At the end of the season, the team that was expected to reach new heights, had their balloon popped and finished with a 6-10 record; the same record they had in 2006 during Kubiak’s first season as their head coach.
The Preseason Expectation – The mindset of the team and a lot of their fans, was that this season was the season the Texans had been building towards since Kubiak took over in 2006. They had their first non-losing season in 2009, they reached the playoffs for the first time in 2011, and won 12 games in 2012; “there will always be next year” was finally this year. I didn’t share that view, but several players claimed that this season would be ‘Super Bowl or bust’ and a lot of fans bought into that expectation. My feeling was that they had hit their ceiling with Kubiak and Schaub, but I still thought they would make the playoffs.
There will always be doubters who love to be negative every year, but nearly everyone believed that the Texans would at minimum win 10 games and make the playoffs as a wildcard team. Whether you thought they were a Super Bowl caliber team or a wildcard team, no one saw this type of collapse coming.
The Highs – Before the bottom fell out, the Texans rallied from a 21 point second half deficit against the Chargers and came from behind to beat the Titans in overtime. Difficult to call games from the first two weeks of the season a ‘high’, but that’s how bad this season has been.
The Lows – Eight straight losses low enough for you? Really, where do you even start? They’ve had losses like the week three Ravens game every year, that game wasn’t fun to watch but it wasn’t shocking. The wheels really started to come off with the week four debacle against Seattle. At that point, the losses still hurt, and hurt bad. However, as the weeks went on with beat downs from San Francisco and St. Louis, and another collapse against Indianapolis, the losses started to lose their sting. The 2013 Texans season has been so bad that it’s turned the feeling I have after losses from anger to apathy.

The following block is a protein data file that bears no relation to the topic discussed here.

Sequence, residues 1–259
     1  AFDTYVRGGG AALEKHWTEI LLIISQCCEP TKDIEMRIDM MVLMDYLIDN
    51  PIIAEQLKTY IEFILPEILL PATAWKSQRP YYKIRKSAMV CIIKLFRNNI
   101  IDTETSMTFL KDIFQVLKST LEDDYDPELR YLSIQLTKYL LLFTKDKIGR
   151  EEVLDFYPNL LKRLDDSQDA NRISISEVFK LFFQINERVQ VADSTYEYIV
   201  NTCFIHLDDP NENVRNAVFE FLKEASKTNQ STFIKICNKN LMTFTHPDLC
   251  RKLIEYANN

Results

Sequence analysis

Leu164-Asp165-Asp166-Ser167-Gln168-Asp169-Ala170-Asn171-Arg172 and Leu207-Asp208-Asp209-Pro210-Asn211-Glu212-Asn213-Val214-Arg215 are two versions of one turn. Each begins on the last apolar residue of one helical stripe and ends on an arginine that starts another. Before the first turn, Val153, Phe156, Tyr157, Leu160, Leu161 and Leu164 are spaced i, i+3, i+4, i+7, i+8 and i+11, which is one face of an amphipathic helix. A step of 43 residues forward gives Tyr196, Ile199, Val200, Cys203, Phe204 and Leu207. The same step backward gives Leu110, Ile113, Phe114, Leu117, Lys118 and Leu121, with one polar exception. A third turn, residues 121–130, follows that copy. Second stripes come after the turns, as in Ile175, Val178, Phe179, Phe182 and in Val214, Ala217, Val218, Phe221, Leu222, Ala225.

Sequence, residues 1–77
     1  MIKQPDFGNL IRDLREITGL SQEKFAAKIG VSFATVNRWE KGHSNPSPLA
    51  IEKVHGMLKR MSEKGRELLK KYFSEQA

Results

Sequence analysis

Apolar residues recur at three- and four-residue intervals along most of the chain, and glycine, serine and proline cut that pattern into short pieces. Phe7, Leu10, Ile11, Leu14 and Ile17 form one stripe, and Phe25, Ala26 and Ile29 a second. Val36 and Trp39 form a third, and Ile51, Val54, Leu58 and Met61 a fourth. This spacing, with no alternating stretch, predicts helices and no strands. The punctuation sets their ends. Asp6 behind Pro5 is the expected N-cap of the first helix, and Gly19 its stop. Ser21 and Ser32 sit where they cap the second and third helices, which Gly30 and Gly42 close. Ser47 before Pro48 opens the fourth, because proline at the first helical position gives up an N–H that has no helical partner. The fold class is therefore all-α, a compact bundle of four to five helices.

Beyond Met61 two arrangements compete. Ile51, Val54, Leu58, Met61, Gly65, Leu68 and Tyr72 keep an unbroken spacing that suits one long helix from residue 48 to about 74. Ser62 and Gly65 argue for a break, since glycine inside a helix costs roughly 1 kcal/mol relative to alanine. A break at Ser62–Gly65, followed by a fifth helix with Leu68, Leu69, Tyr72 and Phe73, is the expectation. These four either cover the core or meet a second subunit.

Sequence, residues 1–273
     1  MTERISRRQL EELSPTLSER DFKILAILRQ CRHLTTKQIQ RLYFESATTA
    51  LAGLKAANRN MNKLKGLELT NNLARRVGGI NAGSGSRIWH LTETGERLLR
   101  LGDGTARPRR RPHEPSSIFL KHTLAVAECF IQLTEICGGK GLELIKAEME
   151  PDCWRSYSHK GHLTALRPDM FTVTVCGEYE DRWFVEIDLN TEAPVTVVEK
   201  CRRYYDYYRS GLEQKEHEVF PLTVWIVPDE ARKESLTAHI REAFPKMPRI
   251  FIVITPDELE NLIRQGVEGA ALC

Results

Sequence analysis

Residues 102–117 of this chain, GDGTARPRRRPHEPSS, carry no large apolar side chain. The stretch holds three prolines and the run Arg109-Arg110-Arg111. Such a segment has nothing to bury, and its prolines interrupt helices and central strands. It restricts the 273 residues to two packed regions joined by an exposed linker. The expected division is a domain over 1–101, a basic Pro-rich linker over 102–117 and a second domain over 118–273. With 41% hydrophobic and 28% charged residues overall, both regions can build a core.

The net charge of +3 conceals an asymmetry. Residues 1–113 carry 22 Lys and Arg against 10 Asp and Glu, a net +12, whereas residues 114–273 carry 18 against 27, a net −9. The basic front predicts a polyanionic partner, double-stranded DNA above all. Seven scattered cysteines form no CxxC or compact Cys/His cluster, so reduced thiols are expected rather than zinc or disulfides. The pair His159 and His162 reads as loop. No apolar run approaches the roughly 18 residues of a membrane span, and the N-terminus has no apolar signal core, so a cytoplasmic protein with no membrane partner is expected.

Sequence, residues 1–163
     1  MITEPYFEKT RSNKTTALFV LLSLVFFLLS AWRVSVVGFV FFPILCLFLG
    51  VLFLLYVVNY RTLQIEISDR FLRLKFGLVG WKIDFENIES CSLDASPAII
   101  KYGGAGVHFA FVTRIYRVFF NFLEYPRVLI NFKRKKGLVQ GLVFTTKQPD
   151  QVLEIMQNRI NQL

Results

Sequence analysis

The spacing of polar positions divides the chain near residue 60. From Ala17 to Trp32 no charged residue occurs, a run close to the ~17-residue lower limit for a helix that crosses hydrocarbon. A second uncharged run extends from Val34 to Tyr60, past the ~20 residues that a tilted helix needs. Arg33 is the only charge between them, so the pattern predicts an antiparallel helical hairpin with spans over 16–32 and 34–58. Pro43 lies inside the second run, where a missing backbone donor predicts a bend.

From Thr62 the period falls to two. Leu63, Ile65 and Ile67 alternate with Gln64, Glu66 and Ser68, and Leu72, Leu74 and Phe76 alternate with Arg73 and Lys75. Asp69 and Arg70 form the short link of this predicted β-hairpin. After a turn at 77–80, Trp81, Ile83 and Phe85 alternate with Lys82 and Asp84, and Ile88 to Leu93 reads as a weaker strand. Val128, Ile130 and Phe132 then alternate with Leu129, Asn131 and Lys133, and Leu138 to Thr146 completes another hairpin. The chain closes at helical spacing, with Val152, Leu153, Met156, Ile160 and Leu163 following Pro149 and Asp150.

Both seasons are/were soul crushing, but in different ways. The 2010 season teased us with all the late game collapses, but since they hadn’t made the playoffs yet, it still felt like ‘the same ol’ Texans’. The losses that season hurt, as did their failure to meet our expectations, but as Texans fans we’d built up calluses over the previous eight years and learned how to cope with disappointment on Sunday.
Like a divorcee in a new relationship, the 2011 and 2012 seasons taught Texans fans how to love again. The 2011 season was exciting and new with the first trip to the playoffs in franchise history. Things began to get serious and heat up during the 2012 season, which led us to talk about the future of the team with the potential of so many young stars. In 2013 we expected to take the big step, but the Texans left their fans at the alter.
The “winner” of this misery cage match is the 2013 season. The 2010 season wasn’t tasty but I could swallow it, whereas the higher expectations of the 2013 season made it impossible to digest. The expectation going into the seasons being debated made the difference. The bigger they are, the harder they fall. The longer the fall, the greater the pain.
The winner, and neewwwwww Texans misery champion, the 2013 season! (Done in my best Howard Finkel voice)